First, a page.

from the FAS Project on Government Secrecy
Volume 2002, Issue No. 18
March 5, 2002
STATE DEPT PANEL REPORTS ON CURRENT SECRECY ISSUES
- STATE DEPT PANEL REPORTS ON CURRENT SECRECY ISSUES
- LEAHY ASKS GAO TO ASSESS NEW FOIA POLICY
- NEW BILLS ON INFO SHARING, FBI REFORM
The Bush Administration's pending revisions to classification policy will not include new restrictions on automatic declassification, as some openness advocates had feared.
That scrap of information about the Administration's secretive deliberations on a new executive order was disclosed in minutes of the State Department's Historical Advisory Committee's December 2001 meeting, which were approved for release this week and obtained by Secrecy News.
The minutes provided an ample supply of news and gossip concerning current classification and declassification issues, including the following:
Last December, the Bush NSC Policy Coordinating Committee on Records Access, which is considering revisions to the Clinton executive order on national security classification, "unanimously rejected a provision to curtail automatic declassification review," said Information Security Oversight Office director Steven Garfinkel, according to the meeting minutes. Mr. Garfinkel has since retired.
However, Mr. Garfinkel advised the State Department Historical Advisory Committee that historians should be aware of a "possible blanket exemption from declassification of the President's Daily Brief, which may be requested [by the CIA] at a very high level."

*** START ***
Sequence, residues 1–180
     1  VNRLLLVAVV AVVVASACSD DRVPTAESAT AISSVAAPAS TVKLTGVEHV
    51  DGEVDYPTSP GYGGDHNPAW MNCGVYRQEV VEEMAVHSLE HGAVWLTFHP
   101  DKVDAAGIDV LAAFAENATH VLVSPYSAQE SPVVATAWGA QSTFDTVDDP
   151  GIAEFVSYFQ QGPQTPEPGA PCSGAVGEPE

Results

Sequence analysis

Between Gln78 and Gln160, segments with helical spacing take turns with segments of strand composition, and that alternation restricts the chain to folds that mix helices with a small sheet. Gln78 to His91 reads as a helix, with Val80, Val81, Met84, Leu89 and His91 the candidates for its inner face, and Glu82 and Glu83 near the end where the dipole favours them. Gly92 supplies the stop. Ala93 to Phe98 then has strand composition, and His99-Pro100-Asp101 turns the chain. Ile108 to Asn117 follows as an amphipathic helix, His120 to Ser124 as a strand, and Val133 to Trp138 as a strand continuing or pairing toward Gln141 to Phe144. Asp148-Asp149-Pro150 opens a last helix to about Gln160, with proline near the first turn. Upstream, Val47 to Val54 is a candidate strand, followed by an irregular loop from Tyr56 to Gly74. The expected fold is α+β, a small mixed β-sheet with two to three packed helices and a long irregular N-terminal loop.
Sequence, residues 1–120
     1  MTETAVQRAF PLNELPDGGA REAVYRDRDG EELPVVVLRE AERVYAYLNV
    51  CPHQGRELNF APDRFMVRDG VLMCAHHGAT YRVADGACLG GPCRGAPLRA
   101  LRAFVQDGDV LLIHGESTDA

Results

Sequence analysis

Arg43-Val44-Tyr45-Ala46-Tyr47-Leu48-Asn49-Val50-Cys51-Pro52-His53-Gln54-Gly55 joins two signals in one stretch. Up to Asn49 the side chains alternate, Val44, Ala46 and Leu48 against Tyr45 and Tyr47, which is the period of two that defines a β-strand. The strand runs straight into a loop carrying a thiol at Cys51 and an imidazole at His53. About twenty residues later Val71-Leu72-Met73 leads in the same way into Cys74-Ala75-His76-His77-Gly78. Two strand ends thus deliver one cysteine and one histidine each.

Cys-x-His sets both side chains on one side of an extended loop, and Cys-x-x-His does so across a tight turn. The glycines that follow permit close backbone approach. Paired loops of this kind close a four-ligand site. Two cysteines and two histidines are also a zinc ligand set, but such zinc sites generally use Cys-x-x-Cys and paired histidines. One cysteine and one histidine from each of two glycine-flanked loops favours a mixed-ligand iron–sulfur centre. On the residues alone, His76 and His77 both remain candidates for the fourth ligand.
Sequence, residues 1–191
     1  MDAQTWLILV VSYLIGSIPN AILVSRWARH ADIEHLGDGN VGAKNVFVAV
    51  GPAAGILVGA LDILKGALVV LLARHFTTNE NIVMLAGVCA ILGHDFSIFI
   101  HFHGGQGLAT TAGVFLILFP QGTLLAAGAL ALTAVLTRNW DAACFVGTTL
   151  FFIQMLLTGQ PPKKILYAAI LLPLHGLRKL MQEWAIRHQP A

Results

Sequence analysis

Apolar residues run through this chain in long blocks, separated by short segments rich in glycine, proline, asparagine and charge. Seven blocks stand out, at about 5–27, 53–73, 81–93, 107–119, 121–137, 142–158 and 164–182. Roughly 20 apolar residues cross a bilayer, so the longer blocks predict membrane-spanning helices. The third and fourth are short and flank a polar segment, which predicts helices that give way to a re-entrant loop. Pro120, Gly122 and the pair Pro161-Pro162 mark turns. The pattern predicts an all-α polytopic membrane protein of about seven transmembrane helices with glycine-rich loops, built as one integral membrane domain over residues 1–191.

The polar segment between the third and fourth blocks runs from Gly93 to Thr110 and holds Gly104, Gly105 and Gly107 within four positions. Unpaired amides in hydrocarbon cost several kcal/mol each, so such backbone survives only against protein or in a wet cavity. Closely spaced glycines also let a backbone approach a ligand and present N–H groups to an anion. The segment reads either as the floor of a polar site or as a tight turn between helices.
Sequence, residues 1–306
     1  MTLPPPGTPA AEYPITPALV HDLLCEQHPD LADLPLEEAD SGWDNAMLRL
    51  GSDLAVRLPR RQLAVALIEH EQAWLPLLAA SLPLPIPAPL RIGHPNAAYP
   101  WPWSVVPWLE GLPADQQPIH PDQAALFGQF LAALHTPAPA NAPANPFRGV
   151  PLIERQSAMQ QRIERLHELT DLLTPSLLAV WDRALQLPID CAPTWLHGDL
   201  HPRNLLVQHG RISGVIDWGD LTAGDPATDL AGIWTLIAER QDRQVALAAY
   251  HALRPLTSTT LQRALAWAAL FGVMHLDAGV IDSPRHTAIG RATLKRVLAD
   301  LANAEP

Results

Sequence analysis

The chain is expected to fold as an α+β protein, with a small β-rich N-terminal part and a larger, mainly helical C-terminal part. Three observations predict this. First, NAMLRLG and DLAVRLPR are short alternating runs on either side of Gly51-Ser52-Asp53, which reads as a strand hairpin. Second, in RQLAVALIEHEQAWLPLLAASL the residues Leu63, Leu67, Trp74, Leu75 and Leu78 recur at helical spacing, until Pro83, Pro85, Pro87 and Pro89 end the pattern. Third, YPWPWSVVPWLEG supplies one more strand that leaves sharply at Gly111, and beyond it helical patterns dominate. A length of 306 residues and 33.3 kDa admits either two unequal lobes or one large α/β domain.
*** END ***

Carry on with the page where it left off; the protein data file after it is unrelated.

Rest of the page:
The Advisory Committee was briefed on the continuing re-review of previously declassified documents to search for nuclear weapons data that had been inadvertently disclosed, as mandated by the Kyl/Lott amendments of 1998-9.
Officials reported that 30 million pages of previously released declassified documents have been withdrawn from public access and await re-review. Another 200 million pages that had been declassified but not publicly released also need to be re-reviewed. This task will not be completed for an estimated 5 years. Finally, there are an additional 800 million pages that currently await an initial declassification review.
Kenneth M. Stein of the Department of Energy said that DOE reviewers were finding inadvertent disclosures of nuclear weapons data at a rate of 1 in 10,000 pages.
Critics have argued that many of these "disclosures" are purely historical matters concerning weapon deployments at storage sites abroad several decades ago, and that they have no proliferation sensitivity today.
However, historians Michael Hogan and David Herschler, who examined the Kyl/Lott re-review process for the Committee, differed with that assessment. They "asked many questions and sampled dozens of documents" that had been withdrawn from public access. "In each case, they felt that the document had been properly reclassified."
The CIA informed the Committee that it will hold a classified historical symposium on intelligence in the Vietnam war on March 8. The CIA Center for the Study of Intelligence will sponsor a conference on the Office of Strategic Services for surviving OSS veterans and historians in June.
With regard to the 1953 CIA covert action in Iran, "the CIA noted that, despite reports to the contrary, not all records had been destroyed, and what is available in the CIA's files is significant."
Most remarkably, "The CIA History Staff has been asked to place an historian with one of the CIA's components to watch the war on terrorism as it evolves."
See the December 2001 minutes of the State Department Historical Advisory Committee, approved for release on March 4, here: